The United Nations Development Programme (UNDP) has recently written an extensive blog post on their forays into the world of Blockchain and distributed ledger technologies – and have clearly indicated they believe that the technology could provide a more effective way of transferring and tracking funds and lead to a shift in its strategy in line with latest developments in this field.
Ten months ago we had an eclectic group of people introduce a slew of new financial mechanisms- Blockchain based cash transfers and impact bonds for reducing recidivism to forecast based finance for disasters and peer to peer lending for SMEs- emerging into what the ODI calls a new ‘age of choice’ for the development finance.
We tackle this topic not just because there is a $2.5 billion gap in funding the current SDG agenda (even though ODA flows to developing countries continue to increase year on year). We are more tickled by the sheer explosion of money coming from other sources of funding that aren’t high on the priority list of either development organizations or governments (admittedly this is fast changing)- the European alternative finance market grew by 144% in 2015, the global impact investment market is projected to grow over $3 trillion in the coming years, and crowdfunding investments reached $37 billion in 2015 (by way of comparison, this is about ⅓ of total ODA totaling $131 billion in 2015).
This tickle gave birth to a sort of an Alternative Finance Lab we’ve (unintentionally) began running out of Istanbul. What skills do our clients need to tap into some of these new sources of funding? Is the effort worth it given the experimental nature of some instruments and the fact that they are way ahead of existing legislation in most countries we work in (think Blockchain based remittance transfer)? Many of the mechanisms are preventative in nature and require a shift to costing future liabilities (think of a financial value on the cost society bears from youth unemployment- what does a ‘log frame’ for that type of a project look like?
In Serbia, the UNDP is working with AidTech (check out their prize winning prototype on reducing fraud in cash transfers for refugees in Lebanon) to design a proof of concept for remittance transfers over Blockchain that would be cheaper (in looking to cut out an intermediary a la Western Union) and targeted toward specific needs (think using remittances to pay energy or phone bills and purchase food). There are several similar initiatives ongoing (check out these Tunisian start-ups redefining remittances transfers with Blockchain) but for them this is a first. In Moldova, they are testing whether Blockchain can provide a more effective way of managing the UN car fleet together with EmerCoin and DeePlace. They mention that they have been inspired by a decentralized ride-sharing outfit in Israel, Lazooz and driver-owned car sharing start up Arcade City. When it comes to UNDP’s emergency response in employment, they say they have a hunch that Blockchain could provide a more effective way of transferring and tracking funds, and shifting our strategy in line with what is happening in the field– this is a work in progress though but one they are clearly excited about.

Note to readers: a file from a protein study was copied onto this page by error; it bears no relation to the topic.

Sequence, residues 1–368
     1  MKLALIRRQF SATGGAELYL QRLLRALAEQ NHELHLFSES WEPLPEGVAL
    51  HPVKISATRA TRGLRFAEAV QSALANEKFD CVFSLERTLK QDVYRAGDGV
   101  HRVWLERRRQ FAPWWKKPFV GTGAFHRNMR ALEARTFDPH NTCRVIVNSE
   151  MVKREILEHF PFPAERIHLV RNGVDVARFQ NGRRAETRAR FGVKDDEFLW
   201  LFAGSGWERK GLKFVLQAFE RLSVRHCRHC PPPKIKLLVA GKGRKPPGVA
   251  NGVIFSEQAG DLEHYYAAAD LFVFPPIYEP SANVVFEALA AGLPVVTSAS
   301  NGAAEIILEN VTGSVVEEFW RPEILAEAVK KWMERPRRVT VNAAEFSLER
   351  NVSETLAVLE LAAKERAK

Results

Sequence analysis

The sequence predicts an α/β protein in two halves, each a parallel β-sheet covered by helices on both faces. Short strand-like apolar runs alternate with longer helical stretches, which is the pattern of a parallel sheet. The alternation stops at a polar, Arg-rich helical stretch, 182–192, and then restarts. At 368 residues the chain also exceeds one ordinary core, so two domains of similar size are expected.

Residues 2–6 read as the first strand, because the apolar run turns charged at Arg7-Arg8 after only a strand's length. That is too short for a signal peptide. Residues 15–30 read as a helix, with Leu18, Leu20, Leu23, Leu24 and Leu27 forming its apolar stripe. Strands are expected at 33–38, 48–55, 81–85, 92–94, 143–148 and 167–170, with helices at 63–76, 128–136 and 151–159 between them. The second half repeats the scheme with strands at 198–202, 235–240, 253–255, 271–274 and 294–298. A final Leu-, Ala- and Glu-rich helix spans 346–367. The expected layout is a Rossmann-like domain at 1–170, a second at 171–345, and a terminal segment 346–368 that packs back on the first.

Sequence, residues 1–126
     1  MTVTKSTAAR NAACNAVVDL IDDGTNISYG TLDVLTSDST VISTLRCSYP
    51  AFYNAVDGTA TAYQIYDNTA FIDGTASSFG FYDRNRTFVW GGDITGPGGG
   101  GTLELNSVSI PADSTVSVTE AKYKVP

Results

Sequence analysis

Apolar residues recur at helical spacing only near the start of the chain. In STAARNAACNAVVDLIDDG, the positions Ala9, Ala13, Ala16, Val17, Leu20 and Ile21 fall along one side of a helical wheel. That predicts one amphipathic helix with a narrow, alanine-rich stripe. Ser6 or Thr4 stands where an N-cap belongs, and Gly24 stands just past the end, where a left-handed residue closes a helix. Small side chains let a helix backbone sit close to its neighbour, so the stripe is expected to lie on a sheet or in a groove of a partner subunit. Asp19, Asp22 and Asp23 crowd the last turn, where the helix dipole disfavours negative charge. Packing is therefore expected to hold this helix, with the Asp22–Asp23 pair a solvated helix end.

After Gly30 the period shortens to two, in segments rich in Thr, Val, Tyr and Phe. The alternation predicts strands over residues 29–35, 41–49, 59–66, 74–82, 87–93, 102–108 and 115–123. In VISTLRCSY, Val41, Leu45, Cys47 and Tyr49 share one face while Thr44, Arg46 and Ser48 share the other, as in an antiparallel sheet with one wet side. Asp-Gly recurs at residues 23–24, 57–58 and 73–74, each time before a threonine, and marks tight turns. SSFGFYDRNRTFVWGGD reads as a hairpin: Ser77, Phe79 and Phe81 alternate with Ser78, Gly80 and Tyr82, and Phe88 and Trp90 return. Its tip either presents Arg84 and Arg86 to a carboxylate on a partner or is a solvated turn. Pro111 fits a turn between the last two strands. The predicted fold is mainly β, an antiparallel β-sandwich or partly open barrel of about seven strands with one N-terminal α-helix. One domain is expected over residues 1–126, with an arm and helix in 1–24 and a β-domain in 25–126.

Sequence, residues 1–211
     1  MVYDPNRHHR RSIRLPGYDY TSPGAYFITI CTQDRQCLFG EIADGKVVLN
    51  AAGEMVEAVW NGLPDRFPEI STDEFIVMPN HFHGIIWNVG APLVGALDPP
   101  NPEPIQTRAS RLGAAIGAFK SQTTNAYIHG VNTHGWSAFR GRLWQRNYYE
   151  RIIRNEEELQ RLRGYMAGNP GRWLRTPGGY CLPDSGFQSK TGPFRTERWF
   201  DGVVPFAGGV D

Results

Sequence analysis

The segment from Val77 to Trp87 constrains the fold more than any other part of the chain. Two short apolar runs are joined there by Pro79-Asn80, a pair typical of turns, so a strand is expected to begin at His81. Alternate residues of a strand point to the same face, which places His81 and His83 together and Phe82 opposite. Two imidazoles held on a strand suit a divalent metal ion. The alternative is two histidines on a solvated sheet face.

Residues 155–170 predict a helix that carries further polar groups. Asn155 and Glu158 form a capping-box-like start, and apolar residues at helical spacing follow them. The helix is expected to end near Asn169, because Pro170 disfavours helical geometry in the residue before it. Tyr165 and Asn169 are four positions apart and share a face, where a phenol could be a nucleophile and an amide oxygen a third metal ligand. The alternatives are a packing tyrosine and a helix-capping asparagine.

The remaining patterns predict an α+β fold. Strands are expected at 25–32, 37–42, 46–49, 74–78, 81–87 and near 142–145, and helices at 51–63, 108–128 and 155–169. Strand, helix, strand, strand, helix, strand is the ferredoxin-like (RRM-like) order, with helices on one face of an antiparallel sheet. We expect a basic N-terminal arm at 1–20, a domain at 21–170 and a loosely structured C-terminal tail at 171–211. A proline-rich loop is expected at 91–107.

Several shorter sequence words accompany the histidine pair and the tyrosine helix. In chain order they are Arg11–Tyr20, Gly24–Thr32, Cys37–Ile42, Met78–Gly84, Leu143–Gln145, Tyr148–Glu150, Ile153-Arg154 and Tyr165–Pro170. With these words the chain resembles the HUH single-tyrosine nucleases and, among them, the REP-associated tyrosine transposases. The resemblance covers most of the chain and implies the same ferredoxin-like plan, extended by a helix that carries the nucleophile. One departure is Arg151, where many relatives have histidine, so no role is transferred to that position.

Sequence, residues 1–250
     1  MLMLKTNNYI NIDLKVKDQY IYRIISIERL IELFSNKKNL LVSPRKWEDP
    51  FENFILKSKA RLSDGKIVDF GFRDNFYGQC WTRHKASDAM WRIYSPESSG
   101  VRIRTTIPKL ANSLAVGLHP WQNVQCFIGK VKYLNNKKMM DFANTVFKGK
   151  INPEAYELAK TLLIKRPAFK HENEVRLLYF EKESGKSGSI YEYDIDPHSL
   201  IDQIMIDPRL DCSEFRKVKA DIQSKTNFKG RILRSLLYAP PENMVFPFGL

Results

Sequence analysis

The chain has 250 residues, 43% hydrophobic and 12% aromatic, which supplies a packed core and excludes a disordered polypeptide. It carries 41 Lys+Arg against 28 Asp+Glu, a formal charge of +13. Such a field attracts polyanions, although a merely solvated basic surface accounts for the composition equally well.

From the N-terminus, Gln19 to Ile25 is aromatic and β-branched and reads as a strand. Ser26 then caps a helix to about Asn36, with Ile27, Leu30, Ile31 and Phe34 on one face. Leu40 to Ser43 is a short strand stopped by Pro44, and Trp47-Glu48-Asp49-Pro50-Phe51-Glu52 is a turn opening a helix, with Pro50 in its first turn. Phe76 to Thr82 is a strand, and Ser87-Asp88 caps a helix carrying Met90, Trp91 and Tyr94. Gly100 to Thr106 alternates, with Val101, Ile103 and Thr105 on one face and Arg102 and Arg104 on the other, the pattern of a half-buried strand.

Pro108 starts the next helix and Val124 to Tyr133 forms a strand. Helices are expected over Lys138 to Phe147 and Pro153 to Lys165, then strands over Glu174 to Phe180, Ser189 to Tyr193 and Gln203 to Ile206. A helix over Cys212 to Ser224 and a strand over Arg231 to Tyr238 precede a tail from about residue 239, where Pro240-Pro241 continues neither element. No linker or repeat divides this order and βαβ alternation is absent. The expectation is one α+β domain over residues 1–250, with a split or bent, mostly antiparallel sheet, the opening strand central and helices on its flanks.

We’re cooperating with the Joint Research Center of the European Commission (check out an impressive line up of people they’ve had for a discussion on distributed ledger technologies a few months back) on design of a challenge prize for social applications of Blockchain that would (hopefully) incentivize use cases that go beyond financial sector. The speed of progress in this field has been staggering with new use cases popping up across just about all priority sectors for our client governments- for example, the UK government just published research showing how digital currency based on the distributed ledger could up the GDP by as much as 3%. Others include Blockchain based micro energy grids, land registries (Georgia) and election platforms (Ukraine’s Parliament), defrauding distribution of natural disaster relief funds (Italy) and philanthropic donations, managing and tracking the cross border SME trade,boosting girls education and storage of cultural heritage in political conflicts to name a few.
Read more here.